The history of 2021, when written, will have plenty to cover: The unrelenting pandemic that claimed more lives after a vaccine than before; the attack on the U.S. Capitol that threatened to upend American democracy; the broken supply chain that sparked inflation; the climate crisis that carried on despite global concern.
When we look back on 2021, however, no story will be more consequential than the people’s revolt against institutions. In recent memory, there hasn’t been a single year where so many people told society’s pillars to buzz off. Instead of holding jobs, they chose to resign. Instead of making safe investments, they chose meme stocks. Instead of political orthodoxy, they chose to vote independent.
Our institutions — work, government, community organizations, and places of worship — are meant to uphold a certain bargain. We expect a degree of stability for the faith we put in them. We allow them to run the foundation of our lives, and accept some self-dealing and corruption, but in return we expect them to protect us from extreme negative scenarios.
In 2020, the coronavirus upended the contract. For the trust we put in our institutions, they proved unable to harness COVID-19. Worse, they often seemed two-faced in their efforts. We expected them to shield us from doomsday scenarios, yet more than five million people died from COVID, with more than 800,000 of them in the U.S. alone. And while it may be unfair to ask institutions to restrain a microscopic virus with a tendency to maim and kill, that’s essentially the deal they’re stuck with. And so far, they’ve come up short.
While we came to terms with the shock of COVID-19 in 2020, we responded in 2021. The reaction, in some cases, has been predictable. After accepting that jobs won’t keep us safe or secure in the long term, for instance, we quit in record numbers. The so-called Great Resignation is one of the rare trends that lives up to its billing. More than 4 million people are quitting their jobs each month, with no end in sight. In exiting, people are telling employers that they understand they’re being exploited, and they’d rather live life than suffer in service of abstract promises of long-term betterment.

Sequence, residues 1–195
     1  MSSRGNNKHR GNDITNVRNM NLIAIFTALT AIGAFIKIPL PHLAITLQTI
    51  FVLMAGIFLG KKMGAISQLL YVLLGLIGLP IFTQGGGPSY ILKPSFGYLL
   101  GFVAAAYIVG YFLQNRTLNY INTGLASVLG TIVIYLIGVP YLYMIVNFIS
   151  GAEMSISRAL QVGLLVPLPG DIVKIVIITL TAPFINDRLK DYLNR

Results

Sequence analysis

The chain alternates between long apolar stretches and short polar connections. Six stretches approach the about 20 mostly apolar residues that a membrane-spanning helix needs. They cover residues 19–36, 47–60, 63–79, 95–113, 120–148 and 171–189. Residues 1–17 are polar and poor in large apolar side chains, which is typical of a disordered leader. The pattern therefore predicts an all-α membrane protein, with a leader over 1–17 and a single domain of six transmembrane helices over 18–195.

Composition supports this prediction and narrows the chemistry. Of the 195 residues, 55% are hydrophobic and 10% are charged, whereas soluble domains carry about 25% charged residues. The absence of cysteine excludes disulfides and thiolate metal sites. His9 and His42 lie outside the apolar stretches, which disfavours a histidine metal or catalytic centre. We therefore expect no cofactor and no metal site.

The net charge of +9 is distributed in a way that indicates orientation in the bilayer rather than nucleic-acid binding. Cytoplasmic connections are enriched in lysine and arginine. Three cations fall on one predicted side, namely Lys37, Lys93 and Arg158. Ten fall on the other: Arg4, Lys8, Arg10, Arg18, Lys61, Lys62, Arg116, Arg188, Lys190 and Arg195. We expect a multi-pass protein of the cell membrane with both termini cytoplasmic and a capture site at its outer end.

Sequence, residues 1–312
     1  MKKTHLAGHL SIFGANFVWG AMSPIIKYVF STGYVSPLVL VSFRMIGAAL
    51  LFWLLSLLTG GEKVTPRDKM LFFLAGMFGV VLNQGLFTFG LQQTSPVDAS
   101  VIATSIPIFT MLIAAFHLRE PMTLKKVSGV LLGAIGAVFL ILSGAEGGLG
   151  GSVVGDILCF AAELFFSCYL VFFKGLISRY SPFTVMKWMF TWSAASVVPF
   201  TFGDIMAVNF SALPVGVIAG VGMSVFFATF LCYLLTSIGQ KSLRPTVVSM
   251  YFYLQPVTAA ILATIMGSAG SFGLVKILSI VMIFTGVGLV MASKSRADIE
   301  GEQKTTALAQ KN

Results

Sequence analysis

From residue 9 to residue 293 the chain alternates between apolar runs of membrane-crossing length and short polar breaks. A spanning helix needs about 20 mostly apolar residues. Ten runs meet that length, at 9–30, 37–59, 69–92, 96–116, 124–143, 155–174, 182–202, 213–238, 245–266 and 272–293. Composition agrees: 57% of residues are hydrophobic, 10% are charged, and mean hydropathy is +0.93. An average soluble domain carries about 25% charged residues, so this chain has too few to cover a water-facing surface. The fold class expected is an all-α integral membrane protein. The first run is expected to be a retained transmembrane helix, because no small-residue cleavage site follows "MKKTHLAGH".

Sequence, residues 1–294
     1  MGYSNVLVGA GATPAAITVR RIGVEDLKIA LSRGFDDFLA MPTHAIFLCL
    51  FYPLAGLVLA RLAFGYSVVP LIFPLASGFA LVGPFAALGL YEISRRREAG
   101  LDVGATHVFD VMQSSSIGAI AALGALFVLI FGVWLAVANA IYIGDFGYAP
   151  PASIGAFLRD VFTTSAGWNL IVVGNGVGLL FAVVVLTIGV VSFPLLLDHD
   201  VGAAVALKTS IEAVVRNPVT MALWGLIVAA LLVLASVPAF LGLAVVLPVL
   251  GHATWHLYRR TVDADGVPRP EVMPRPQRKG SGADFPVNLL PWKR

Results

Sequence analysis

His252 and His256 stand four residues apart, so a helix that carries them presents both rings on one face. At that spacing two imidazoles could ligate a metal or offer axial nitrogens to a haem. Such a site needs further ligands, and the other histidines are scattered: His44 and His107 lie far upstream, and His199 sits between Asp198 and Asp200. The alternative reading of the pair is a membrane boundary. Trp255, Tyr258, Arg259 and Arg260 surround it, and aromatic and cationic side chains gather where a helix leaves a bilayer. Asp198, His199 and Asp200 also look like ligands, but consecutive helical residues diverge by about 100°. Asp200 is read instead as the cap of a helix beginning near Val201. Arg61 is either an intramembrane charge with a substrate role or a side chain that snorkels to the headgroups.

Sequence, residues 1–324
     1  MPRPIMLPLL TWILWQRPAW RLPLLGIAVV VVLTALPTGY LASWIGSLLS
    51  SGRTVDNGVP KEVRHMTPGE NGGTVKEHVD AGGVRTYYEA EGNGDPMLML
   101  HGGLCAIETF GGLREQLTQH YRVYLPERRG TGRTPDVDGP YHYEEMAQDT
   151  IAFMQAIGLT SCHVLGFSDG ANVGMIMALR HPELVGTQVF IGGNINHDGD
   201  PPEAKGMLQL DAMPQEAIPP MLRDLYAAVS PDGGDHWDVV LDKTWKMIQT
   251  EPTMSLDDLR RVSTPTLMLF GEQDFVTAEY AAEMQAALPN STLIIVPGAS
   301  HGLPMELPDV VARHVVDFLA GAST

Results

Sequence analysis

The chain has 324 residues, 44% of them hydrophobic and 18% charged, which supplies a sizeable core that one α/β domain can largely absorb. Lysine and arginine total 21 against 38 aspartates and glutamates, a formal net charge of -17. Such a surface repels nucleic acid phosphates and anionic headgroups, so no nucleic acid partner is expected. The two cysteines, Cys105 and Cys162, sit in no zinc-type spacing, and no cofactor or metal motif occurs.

The continued diminishment of community has also been somewhat predictable. Once-standard participation in Rotary clubs and parent-teacher associations were already declining before COVID hit. But the virus made neighbors a threat and forced community groups to remain apart. It’s no wonder then that local gatherings gave way to Karen videos and school board warfare.
Less predictable has been the backlash to financial institutions. In 2021, small-time traders learned what taking collective action against institutional investors felt like. And while big-time firms may still make out better on Gamestop and AMC trades, it would be unwise to discount the masses’ power to unleash further havoc. You could already make the argument that Reddit’s Wall Street Bets is more powerful than Occupy Wall Street at its peak.
The enthusiasm around crypto and Web3 is yet another extension of this movement against institutions. Web3, in its ideal form, decentralizes some of the power that Web2 — a.k.a Web 2.0 — put in the hands of big institutions. And while there haven’t been many practical software applications to emerge in the crypto world to date, their disdain for our current institutions (and OK, some opportunism and grift) is fueling the movement.
We should care about people’s rejection of institutions because it underlies many of the problems endemic in the tech industry. People are more likely to believe and spread fake news when they don’t trust the authorities tasked with keeping them safe. People are more likely to take action against a financial system when they believe the game is rigged against them. People are more likely to oppose vaccination when they feel the health establishment isn’t being square with them.
You simply can’t content moderate your way out of these issues, no matter how many “experts” tell you it’s possible. Our institutions must assure people that they’re competent, and do it through action, or faith in them will continue to decline. Without that faith, our society will expose itself to all manner of ills. And when we look back at 2021, we’ll either see the start of something we responded to well, or our collective unraveling.
Alex Kantrowitz is founder and reporter at Big Technology, author of “Always Day One: How the Tech Titans Plan to Stay on Top Forever,” an on-air contributor at CNBC and former senior technology reporter at BuzzFeed News.